An essential characteristic in order to persuade someone toward your benefit, is to be or at least to appear knowledgeable around the subject. If you just know one side of the story, chances are your arguments will be full of deficiencies and easily challenged. So, before negotiating with hotels, do your homework. Find out what matters to them, what their main source of income is and turn this knowledge into leverage.

Its key to know how much the hotel can profit from your event and how they value it. Below we have outlined some interesting points around the financial value of assets for hotels, as well as some tactics that are always good to keep in mind.

Room = F&B

The revenue from rooms and from F&B is nearly equal in group-focused hotels. But here, the trick is to understand the cost of delivery for these services. For F&B the cost is about 65%, whereas the direct cost to deliver rooms is 24% of the revenue they bring in. Most planners instinctively request a discount off the F&B. The hotel still has to cover the costs and achieve their profit margin, so this probably means that your portions will be smaller and the quality lower. A more efficient option is to discuss this with the chef and allow him to create a custom menu according to your budget.

Many planners use the fact that they have booked out the hotel’s restaurant as leverage in their negotiations. Now it is becoming more common for hotels to house restaurants they don’t own. First do your research, before using this argument for your negotiations!

Negotiate for Amenities

You can negotiate for specific amenities to be included in a contract for free or at discounted rates. Examples include free parking, free local calls, Internet service, access to the health club, room upgrades, airport transfers, and the use of hotel props and décor. Hotels have a small profit margin on these services, so its likely they will be more flexible in providing them at a discount or free of charge.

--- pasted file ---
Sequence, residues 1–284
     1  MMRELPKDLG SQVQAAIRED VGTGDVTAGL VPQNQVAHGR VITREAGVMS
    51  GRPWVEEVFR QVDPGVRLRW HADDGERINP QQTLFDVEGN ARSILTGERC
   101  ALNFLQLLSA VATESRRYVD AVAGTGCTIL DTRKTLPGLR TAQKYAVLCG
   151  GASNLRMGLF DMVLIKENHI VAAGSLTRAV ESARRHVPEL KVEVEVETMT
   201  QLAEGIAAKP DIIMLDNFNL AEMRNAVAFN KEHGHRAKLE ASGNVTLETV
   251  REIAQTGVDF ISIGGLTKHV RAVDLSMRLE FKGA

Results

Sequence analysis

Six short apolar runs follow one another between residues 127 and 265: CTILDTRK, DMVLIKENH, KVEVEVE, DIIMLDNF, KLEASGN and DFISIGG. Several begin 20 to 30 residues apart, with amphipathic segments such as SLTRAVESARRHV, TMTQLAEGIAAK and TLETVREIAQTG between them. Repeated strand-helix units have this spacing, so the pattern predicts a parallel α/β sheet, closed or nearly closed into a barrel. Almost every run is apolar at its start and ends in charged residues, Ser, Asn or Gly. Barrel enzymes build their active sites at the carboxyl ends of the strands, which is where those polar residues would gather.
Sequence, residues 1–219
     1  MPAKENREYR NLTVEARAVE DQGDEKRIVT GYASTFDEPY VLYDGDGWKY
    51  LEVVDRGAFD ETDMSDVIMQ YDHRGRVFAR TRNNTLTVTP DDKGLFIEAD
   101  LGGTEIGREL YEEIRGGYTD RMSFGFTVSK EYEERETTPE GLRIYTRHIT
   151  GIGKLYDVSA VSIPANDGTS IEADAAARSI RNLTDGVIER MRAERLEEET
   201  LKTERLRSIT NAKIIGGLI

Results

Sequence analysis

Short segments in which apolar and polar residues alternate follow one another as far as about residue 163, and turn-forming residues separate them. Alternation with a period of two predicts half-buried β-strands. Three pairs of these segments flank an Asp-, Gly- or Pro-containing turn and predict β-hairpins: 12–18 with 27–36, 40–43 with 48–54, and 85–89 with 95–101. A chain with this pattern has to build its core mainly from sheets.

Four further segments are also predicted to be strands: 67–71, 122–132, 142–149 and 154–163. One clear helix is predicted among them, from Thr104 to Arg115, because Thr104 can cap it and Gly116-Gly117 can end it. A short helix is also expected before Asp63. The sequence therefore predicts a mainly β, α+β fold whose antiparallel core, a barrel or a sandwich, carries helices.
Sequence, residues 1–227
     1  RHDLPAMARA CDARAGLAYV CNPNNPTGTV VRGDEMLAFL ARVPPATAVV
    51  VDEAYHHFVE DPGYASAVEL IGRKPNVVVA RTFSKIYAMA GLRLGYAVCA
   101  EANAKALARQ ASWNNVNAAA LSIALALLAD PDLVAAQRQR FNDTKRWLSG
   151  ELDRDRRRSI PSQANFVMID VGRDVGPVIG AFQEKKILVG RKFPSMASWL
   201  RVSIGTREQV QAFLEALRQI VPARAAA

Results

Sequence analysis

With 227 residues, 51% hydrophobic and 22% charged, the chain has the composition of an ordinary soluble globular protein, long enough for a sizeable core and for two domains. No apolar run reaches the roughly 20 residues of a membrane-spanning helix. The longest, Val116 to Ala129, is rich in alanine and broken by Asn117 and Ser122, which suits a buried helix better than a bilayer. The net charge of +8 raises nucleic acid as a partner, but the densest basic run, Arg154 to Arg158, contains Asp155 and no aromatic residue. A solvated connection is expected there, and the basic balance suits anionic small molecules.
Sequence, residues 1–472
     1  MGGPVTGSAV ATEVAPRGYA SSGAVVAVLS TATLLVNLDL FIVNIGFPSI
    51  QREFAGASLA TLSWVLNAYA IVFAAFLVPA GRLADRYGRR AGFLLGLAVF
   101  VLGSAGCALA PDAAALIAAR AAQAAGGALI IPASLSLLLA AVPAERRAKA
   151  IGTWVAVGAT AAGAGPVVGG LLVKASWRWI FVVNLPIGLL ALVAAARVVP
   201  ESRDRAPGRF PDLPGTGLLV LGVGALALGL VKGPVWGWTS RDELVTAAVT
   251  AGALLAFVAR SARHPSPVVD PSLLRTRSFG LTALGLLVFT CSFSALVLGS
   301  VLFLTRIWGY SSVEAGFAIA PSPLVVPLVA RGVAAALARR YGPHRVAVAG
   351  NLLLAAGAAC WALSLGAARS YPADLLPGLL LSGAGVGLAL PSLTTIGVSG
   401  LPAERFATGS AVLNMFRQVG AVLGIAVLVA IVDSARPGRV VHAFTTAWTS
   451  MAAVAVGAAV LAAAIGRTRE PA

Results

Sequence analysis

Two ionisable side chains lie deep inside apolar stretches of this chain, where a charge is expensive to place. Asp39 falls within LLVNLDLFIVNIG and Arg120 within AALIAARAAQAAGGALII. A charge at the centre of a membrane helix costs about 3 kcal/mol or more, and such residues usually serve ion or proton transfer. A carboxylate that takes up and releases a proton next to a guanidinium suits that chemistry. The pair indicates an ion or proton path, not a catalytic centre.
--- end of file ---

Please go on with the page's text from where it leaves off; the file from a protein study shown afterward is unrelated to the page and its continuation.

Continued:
Often planners request that contracted gratuities are removed. Here you should keep in mind that these gratuities are paid for by the hotel if they are included in a staff compensation contract. Being aware of this possibility will just give you better insight to negotiate more effectively.

Seasons Matter

It is very useful to know hotel occupancy rates and peak periods. Obviously you have stronger negotiation power when the market demand is lower. Peak periods are common knowledge but it is not always easy to know if there is a big congress or event taking place . Using a tool like Azavista Analytics can help you to determine these periods and identify the best dates for your event with just a click of a button.

Dare to ask and don’t rush

A golden rule in business is never make assumptions. Always clarify and ask. Even if your request seems a bit far fetched, go for it! Asking never hurt anyone. Be clear about what you want and also make sure you don’t end up with something you don’t.

Patience is a virtue. Once you have made an offer, wait for a response before making another one. By waiting, you avoid the possibility of rejecting your own offer and making further concessions in a revised offer. Also by not being patient, you will encourage the other side to delay its response in the hope of getting a new offer from you.

Get it in writing

You are negotiating on the phone and after about half an hour your supplier agrees to give you what you want. Not so fast! After the call send an email politely asking him to put the previously agreed items in writing. This will help you avoid the “he said, she said” drama and more officially seal the deal.

Listen & Collaborate

The best talkers are even better listeners. Hear the other side out and see if there is any common ground that can help in your negotiations. See if there is a way that both sides can work together and satisfy their needs. Showing some genuine interest to help the other person out ( i.e. empathy for a difficult boss) can really earn you some points!

Finally, it is imperative that you know exactly what you want beforehand. There are many examples of planners who continue negotiating beyond their needs and end up with less than they started with. Keep the negotiations in line with your objectives.

Sources

http://www.exhibitoronline.com/exhibitormagazine/article.asp?id=58 / http://meetingsnet.com/negotiatingcontracts/top-10-negotiation-tips / http://meetingsnet.com/

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